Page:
Density & Transit: Towards Compact Integrated Cities
With more than half the world’s population living in urban areas which accounts for just under 3% of the world’s land mass, today’s cities face an ever rising set of urban challenges. Hong Kong, renowned for its high density urbanism, was culminated by its now demolished Kowloon Walled City. With living conditions similar to the notorious Walled City, today’s subdivided apartments, locally called ‘butchered flats’, are homes to some 200,000 people, accommodating families in crowded environments, which in some instances, are barely 10 square metres. The culture of congestion with its spatial and programmatic juxtapositions of the Walled City have continued to manifest today in the city’s composite building typology such as Chungking Mansions and Mirador Mansions situated in Kowloon. Moreover, with 90% of the population taking public transportation every day and a large proportion of the residential and commercial spaces only within 500m radius of a train station, Hong Kong’s public transportation system is typically described as the gold standard. What makes Hong Kong’s dense and highly efficient urban system tick? This lecture describes the cogs and gears of the city as an integrated built environment connecting all aspects of urban life, from living, to working, playing, and everything else in-between.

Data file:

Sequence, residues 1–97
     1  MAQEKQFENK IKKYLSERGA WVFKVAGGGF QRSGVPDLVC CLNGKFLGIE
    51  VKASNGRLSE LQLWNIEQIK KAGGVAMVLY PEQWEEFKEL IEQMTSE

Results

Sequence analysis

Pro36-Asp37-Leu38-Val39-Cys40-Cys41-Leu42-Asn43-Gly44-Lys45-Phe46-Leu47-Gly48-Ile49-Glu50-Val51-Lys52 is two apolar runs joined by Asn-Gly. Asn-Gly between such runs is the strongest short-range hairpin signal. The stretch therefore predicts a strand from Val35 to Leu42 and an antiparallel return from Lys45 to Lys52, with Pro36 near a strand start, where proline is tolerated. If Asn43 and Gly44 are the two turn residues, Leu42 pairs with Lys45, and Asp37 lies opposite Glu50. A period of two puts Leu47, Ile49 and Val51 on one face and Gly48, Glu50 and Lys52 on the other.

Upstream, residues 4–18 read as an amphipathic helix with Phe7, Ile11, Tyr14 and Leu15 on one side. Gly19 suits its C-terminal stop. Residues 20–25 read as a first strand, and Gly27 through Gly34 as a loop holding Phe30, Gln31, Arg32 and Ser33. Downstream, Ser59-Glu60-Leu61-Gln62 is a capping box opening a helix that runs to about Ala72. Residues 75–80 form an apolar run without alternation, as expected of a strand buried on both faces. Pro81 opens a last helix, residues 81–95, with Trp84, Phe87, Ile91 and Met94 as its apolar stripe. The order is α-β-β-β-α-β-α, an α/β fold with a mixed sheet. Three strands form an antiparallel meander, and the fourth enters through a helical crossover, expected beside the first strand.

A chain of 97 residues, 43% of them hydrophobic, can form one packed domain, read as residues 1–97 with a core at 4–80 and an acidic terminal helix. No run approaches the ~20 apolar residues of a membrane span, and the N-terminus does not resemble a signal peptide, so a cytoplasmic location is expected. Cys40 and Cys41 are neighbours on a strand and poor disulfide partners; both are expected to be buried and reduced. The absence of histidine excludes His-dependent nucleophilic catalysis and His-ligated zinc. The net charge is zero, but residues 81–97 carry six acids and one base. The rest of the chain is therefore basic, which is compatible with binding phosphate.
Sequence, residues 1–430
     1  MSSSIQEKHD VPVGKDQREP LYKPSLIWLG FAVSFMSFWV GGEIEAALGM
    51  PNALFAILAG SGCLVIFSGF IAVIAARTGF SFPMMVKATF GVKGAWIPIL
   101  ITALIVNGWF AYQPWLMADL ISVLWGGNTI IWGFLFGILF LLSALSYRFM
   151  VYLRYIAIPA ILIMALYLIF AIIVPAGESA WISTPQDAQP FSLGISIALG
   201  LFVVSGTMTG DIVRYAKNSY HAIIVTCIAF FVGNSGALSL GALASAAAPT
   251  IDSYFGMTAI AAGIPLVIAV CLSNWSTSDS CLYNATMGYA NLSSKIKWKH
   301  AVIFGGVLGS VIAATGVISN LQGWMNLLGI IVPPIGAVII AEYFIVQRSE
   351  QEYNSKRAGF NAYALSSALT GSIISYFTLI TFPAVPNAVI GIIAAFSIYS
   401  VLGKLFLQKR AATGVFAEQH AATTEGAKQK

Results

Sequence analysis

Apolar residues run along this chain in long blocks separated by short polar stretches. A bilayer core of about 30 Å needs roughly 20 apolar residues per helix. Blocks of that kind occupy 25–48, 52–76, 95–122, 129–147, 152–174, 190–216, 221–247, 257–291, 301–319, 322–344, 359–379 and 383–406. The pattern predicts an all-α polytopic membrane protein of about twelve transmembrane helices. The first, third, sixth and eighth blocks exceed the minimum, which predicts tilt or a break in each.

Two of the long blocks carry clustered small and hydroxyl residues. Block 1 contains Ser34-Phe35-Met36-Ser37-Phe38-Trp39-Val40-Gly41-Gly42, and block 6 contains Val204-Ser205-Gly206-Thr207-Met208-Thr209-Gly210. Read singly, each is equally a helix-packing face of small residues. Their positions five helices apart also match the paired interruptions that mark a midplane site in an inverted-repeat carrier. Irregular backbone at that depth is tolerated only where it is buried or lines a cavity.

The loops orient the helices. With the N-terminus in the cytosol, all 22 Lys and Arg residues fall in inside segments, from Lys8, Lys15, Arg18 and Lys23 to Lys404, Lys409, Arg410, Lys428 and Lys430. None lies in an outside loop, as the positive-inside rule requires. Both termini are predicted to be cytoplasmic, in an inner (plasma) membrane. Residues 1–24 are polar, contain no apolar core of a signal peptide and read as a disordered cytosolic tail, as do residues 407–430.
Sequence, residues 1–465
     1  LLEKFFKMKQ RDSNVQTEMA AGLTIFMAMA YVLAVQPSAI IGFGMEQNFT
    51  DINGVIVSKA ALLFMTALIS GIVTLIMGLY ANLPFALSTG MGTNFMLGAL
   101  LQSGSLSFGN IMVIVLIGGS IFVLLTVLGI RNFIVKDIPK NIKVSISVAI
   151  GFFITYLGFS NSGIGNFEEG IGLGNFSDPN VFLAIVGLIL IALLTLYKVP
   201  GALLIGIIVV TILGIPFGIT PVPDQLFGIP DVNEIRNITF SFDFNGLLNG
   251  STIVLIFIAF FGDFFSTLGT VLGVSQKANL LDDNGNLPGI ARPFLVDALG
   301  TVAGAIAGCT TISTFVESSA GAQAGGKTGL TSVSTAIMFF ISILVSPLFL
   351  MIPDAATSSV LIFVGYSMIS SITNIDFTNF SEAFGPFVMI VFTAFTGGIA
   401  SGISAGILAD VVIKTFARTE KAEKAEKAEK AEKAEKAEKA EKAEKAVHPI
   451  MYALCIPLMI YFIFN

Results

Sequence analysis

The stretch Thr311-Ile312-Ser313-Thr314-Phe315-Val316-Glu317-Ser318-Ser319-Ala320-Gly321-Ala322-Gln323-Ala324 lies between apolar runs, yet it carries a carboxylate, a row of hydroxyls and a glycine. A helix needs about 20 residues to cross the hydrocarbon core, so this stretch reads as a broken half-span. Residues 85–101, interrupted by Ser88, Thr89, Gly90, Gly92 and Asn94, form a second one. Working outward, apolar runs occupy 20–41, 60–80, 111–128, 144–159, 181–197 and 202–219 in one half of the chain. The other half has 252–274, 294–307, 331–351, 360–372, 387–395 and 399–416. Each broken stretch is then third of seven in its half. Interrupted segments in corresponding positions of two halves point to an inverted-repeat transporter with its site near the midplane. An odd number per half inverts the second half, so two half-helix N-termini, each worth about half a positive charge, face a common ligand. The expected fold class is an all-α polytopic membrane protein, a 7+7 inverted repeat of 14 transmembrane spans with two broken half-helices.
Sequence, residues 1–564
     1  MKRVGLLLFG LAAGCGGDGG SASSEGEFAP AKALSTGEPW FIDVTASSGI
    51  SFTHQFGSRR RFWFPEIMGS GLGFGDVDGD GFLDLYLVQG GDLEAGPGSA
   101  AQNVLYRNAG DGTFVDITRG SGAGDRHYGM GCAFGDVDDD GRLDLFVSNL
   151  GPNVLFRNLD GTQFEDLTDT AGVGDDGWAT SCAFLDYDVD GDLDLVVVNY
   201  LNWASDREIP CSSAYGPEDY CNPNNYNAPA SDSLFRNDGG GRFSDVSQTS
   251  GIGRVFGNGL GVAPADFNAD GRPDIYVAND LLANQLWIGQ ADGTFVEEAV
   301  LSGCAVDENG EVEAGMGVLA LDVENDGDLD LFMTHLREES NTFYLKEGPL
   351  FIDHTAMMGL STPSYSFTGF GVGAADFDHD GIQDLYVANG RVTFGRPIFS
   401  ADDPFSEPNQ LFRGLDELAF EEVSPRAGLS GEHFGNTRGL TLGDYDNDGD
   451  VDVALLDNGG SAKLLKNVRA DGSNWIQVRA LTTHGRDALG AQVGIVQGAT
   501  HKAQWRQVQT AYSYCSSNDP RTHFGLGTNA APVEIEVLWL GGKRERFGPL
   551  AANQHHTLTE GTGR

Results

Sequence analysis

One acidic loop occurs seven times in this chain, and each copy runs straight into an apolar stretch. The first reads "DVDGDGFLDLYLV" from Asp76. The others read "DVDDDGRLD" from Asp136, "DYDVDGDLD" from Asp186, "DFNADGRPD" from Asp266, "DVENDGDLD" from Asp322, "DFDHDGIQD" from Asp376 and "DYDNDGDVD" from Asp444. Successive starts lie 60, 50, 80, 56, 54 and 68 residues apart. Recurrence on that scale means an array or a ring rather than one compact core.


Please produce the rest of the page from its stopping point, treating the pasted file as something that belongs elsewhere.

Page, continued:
Dr. Adrian Lo
Faculty of Architecture and Planning, Thammasat University
Adrian Lo (Ph.D. in Architecture, University of Auckland) is currently an international expert of the Urban Design and Development International (UDDI) program of Thammasat University in Thailand. He has held academic positions in Australia, New Zealand, Nepal, and Thailand. His research interests primarily focus on the theme of ‘positive spaces negative volumes’ in both architecture and urbanism.
Moderation & Organizers
Tabea Bork Hüffer